NASA announced this week that scientists have found the first direct evidence of recent volcanic activity on Venus. It’s another example of a new discovery based on old data—in this case, radar images collected by the Magellan spacecraft in the early 90s—something that’s only set to increase as future missions collect exponentially more data.
That includes NASA’s next mission to Venus, which will involve getting as many eyes (and machines) as possible to examine the data:
VERITAS will use state-of-the-art synthetic aperture radar to create 3D global maps and a near-infrared spectrometer to figure out what the surface is made of. The spacecraft will also measure the planet’s gravitational field to determine the structure of Venus’ interior. Together, the instruments will offer clues about the planet’s past and present geologic processes.NASA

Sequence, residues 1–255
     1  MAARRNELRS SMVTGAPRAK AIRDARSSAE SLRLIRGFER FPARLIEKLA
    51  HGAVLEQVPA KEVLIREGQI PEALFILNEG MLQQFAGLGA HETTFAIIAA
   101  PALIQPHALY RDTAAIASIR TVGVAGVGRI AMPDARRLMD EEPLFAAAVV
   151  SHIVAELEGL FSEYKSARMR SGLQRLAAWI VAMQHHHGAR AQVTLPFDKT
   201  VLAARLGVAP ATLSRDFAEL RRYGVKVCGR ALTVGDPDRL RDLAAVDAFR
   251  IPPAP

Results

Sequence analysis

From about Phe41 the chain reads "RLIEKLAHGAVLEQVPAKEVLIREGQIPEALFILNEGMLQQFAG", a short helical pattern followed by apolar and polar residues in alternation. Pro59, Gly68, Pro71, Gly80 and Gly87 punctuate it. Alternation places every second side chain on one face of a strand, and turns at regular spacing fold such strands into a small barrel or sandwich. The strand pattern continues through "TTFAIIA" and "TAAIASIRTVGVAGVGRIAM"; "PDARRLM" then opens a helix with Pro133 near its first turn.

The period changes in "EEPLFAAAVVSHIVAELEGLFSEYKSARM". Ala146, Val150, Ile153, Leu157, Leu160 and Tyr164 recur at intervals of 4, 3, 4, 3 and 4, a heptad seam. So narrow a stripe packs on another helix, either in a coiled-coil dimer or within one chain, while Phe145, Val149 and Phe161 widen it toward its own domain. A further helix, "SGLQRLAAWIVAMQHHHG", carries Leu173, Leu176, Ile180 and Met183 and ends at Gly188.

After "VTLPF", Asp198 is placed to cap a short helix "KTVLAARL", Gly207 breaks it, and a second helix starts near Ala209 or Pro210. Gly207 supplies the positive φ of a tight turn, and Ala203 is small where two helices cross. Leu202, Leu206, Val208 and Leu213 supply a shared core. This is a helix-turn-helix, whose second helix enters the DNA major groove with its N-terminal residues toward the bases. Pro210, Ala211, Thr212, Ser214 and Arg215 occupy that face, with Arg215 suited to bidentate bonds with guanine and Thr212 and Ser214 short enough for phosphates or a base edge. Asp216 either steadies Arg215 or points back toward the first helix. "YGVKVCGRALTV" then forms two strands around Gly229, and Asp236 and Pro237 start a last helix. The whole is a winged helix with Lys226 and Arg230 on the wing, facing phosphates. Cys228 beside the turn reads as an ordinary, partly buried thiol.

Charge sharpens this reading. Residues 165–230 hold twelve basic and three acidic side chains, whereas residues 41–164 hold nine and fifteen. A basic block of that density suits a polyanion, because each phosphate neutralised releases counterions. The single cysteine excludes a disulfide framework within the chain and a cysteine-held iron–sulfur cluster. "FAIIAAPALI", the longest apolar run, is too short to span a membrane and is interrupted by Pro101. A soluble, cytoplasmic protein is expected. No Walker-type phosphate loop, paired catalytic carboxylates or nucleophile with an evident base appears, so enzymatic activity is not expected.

And whereas Magellan’s data was originally cumbersome to study – Herrick said that in the 1990s they relied on boxes of CDs of Venus data that were compiled by NASA and delivered in the mail – VERITAS’ data will be available online to the science community. That will enable researchers to apply cutting-edge techniques, such as machine learning, to analyze the planet and help reveal its innermost secrets.